Mclean was tried and convicted of unlawful assembly, sentenced to 3 years hard labour and sent to Goulburn gaol. In the cold of the prison and never having recovered from his injury Mclean developed tuberculosis of the lung and was sent home to his mother to die, so it couldn’t be said he died in gaol. He died in 1896. He was 26. The man who shot him was never tried and was given a medal by the pastoralists association.
The other shearers rallied round Mclean’s mother and raised 90 pounds for the erection of the monument over his grave. It still stands in Tower Hill Cemetery today and is 14 feet high. You can see it in the photos below.
The epitaph reads
HIS FELLOW UNIONISTS
IN MEMORY OF THEIR COMRADE,
WILLIAM JOHN McLEAN WHO WAS SHOT BY A NON-UNIONIST
AT GRASSMERE STATION, N.S.W.,
DURING THE STRUGGLE OF 1894,
AND WHO DIED 22nd MARCH, 1896,
AGED 26 YEARS,
A GOOD SON, A FAITHFUL MATE, AND A DEVOTED UNIONIST, UNION IS STRENGTH.
Donald MacDonald, the general secretary of the AWU wrote to Henry Lawson asking him to compose the epitaph. It is not known if Lawson did or not.
For more information on Mclean and the shearers’ strikes see…
Billy Mclean is only one of a number of fascinating people buried at Tower Hill Cemetery. Alongside the outstanding individual monuments Tower Hill Cemetery also houses several groups of matching monuments such as those that you can see below.
As with many cemeteries of this era, there is a distressingly large number of young deaths and whole families. You see the same surnames repeated over and over, showing the long term connection to the area.
My next post will be on the nearby Port Fairy Cemetery.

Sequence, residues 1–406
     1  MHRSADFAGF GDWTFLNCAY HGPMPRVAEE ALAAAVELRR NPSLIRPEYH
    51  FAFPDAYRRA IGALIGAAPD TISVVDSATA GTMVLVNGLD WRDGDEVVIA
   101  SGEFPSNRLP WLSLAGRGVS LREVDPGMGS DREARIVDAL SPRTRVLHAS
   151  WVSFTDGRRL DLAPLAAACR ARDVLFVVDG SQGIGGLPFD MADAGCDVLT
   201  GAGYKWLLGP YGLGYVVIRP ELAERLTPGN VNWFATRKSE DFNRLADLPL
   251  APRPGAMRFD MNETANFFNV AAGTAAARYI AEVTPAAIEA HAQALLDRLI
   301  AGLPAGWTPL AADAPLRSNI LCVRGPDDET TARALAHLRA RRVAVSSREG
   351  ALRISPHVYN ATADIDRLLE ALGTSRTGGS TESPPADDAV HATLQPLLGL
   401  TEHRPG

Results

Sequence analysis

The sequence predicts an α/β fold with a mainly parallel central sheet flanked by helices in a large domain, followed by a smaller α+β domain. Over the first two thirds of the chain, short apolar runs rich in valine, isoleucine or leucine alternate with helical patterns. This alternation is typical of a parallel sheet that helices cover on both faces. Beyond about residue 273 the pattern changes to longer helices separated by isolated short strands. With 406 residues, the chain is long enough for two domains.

Billy Mclean: http://ro.uow.edu.au/cgi/viewcontent.cgi?article=1007&context=unity
Tower Hill: Victoria’s heritage. http://parkweb.vic.gov.au/__data/assets/pdf_file/0007/315547/Heritage-story-Tower-Hill-Reserve-history-and-heritage.pdf
Tower Hill: What happened at Tower Hill? Fisheries and Wildlife Dept 1960.
Tower Hill by M.C Downes.
Both books can be found at the Prahran Mechanics’ Institute Victorian History Library.
The photos are all mine.
7 thoughts on “Cemeteries: Tower Hill”
Lovely spot. And the cemetery is in much better condition than many of the similar Victorian ones in the UK. Boy, did the Victorians like their monuments! One of the best I’ve seen is Glasgow’s Necropolis – which I need to re-feature sometime. Interesting tale about Billy Mclean – and tragic, of course. So many stories behind each stone.
It’s in better condition than quite a few cemeteries of a similar era that you see in Australia, it’s very well looked after. I know what you mean about the stories, it’s very easy to forget that everyone listed on the stones were real people. The monuments at tower hill are unusually grandiose. I’m currently trying to find out if there was a reason because the near by Port Fairy cemetery which is the same era has nothing on that scale. I’m writing about that next. Glad you liked the post and thanks for commenting 🙂 I look forward to any future posts from you on the Necropolis in Glasgow.
Again, thank you! It’s a lovely surprise to see some of my local area featured in posts on WordPress!
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No problem glad you liked the post, it’s a gorgeous area and I’ve spent a lot of time there over the years so love to have the chance to write about it.
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Can anyone tell me is there a list of burials at Tower Hill Cemetery up to the 1900’s?
Tower Hill headstone inscriptions are included in the cemeteries of south west victoria resource. The PMI Victorian History Library has a copy http://library.pmi.net.au/fullRecord.jsp?recno=3960